Amsterdam council votes to apologise for slave-trade
Amsterdam is likely to be the first Dutch city to formally apologise for its role in the slave trade.
Published: June 26, 2019, 11:00 am
A majority of councillors backed the move by the leftwing council. A swing to GreenLeft in local elections last year, made it the largest party on the city council with 10 seats, helping to secure the vote.
Seven parties holding 31 of the 45 council seats voted on Monday to apologise at next year’s Keti Koti, the annual commemoration of slavery, on July 1. July 1 1975 is a significant date in the former colony, because it marks “emancipation day”.
The city of Amsterdam held a one-third stake in the Society of Suriname, which established and ran the slave trade in the South American colony for a century.
Rutger Groot Wassink, Amsterdam’s alderman for social affairs and diversity, said the council’s officials would honour the decision. On top of that, he suggested that the next year should be spent researching the city’s slave-owning past in depth.
“If you’re going to apologise, you need to know exactly what for,” he told leftist Amsterdam daily Het Parool.
Don Ceder, of the Christen Unie party, called the decision timely: “This should have happened much earlier.” The Christen Unie is however conservative on issues such as same-sex marriage, abortion and euthanasia.
Other parties supporting the move were GroenLinks, PvdA, SP, Bij1 and Denk.
Dehlia Timman of another leftist party, D66 described the vote as “an historic moment”. She added: “Even though slavery has been abolished since 1863, the traces remain visible everywhere around the city today.”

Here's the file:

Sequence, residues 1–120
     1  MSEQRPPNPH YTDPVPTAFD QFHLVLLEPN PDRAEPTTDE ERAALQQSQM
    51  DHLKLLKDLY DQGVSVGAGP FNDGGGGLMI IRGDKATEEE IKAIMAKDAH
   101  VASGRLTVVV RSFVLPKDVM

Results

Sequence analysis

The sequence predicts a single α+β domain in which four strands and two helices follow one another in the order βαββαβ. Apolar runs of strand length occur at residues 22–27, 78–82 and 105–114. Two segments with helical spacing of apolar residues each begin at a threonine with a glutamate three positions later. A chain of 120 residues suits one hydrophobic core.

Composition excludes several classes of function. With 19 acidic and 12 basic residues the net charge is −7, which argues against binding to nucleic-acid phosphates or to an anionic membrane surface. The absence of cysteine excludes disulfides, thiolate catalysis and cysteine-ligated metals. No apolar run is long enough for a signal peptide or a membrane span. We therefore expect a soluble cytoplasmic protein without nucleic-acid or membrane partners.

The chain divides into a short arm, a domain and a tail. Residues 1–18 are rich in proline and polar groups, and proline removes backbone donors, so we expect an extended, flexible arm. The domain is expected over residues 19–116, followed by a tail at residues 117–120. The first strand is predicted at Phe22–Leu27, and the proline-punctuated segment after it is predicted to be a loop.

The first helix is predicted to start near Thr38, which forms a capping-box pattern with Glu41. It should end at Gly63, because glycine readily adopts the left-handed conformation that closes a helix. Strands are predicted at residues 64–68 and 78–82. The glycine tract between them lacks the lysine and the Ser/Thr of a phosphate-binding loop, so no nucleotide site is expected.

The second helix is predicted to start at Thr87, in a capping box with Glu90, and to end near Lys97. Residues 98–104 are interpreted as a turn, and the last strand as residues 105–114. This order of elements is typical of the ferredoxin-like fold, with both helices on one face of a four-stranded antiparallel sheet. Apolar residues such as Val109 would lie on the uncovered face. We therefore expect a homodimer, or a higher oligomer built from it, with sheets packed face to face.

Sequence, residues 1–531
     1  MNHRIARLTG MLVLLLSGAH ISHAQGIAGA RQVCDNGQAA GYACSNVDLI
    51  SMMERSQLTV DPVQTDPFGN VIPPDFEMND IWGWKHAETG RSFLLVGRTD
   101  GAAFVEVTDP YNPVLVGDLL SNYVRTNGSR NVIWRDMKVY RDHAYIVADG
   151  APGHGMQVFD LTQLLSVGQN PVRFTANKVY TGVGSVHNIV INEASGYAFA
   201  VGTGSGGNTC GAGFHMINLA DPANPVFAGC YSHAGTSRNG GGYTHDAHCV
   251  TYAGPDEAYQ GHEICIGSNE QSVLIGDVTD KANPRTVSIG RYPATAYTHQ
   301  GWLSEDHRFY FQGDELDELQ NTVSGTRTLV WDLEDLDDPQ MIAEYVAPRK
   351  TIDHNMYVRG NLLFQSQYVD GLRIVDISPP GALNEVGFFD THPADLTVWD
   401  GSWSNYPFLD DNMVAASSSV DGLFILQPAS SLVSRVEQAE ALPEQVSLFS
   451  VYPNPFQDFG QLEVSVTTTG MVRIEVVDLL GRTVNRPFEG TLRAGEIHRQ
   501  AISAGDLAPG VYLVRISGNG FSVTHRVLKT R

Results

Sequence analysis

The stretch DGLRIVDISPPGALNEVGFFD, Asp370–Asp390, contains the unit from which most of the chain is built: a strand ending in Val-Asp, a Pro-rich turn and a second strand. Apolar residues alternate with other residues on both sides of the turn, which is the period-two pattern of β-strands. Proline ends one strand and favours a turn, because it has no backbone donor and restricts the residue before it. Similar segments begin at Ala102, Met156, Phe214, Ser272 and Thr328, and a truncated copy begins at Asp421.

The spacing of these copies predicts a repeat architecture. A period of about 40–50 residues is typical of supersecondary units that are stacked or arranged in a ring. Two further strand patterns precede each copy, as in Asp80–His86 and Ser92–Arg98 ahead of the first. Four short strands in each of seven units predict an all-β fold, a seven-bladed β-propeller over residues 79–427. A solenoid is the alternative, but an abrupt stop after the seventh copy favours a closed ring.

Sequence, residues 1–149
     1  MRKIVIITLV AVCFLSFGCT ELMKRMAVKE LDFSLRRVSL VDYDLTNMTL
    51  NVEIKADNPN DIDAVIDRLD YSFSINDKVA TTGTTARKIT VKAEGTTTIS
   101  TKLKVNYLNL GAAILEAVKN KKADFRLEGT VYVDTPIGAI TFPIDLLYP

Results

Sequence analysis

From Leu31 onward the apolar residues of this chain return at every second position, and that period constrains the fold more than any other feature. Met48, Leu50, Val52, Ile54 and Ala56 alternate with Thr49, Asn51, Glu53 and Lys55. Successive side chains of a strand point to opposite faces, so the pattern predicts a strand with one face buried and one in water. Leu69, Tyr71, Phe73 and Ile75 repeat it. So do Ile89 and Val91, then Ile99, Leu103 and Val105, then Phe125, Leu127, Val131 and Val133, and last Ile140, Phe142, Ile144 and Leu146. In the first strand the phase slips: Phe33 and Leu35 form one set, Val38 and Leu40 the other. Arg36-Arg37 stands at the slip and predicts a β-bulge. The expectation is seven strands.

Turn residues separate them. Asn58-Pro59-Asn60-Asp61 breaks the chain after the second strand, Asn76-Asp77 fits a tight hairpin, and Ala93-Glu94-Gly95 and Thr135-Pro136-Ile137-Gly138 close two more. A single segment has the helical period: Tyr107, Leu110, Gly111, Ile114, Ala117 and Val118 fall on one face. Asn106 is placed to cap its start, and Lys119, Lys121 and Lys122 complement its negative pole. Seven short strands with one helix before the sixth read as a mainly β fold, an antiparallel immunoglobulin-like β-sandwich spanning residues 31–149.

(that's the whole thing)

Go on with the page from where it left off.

Timman concluded: “This vote is a historic moment. I hope it can end a period which has been very painful for the descendants of slaves, many of whom came to the Netherlands and have been instrumental in shaping our multicultural society. Their history must not be forgotten.”
Representatives of Mark Rutte’s Liberals, the Christian Democrats and Thierry Baudet’s rising Forum for Democracy, voted against the move.
Former Dutch Minister for Integration, Roger van Boxtel expressed “deep regret, tending towards remorse” for the slave trade in a statement in 2001, but stopped short of actually formally apologising.
Rotterdam’s mayor Ahmed Aboutaleb said in 2018 that the government should apologise, but his demands fell on deaf ears.
Leiden University historian Karwan Fatah-Black, who recently published a book on the subject, said: “The council played a prominent role in the history of slavery.”
Suriname – along with the Dutch Antilles and the island of Aruba – was where the Dutch West India Company, founded in 1621 and financed by Amsterdam’s bankers, shipped more than 600 000 Africans to work on plantations producing sugar and coffee.
Founder of the Black Heritage Amsterdam Tour, Jennifer Tosch, is an American with Suriname roots. “My parents were born and raised in Suriname, South America.
She set up the tour to reveal the traces of the Afro-African diaspora in Amsterdam as the city had been involved for over 250 years in slavery.
The trade of slaves was an important part of the Amsterdam economy in the 17th and 18th century. In fact, the production of these overseas raw materials were responsible for two-thirds of the income in the capital.
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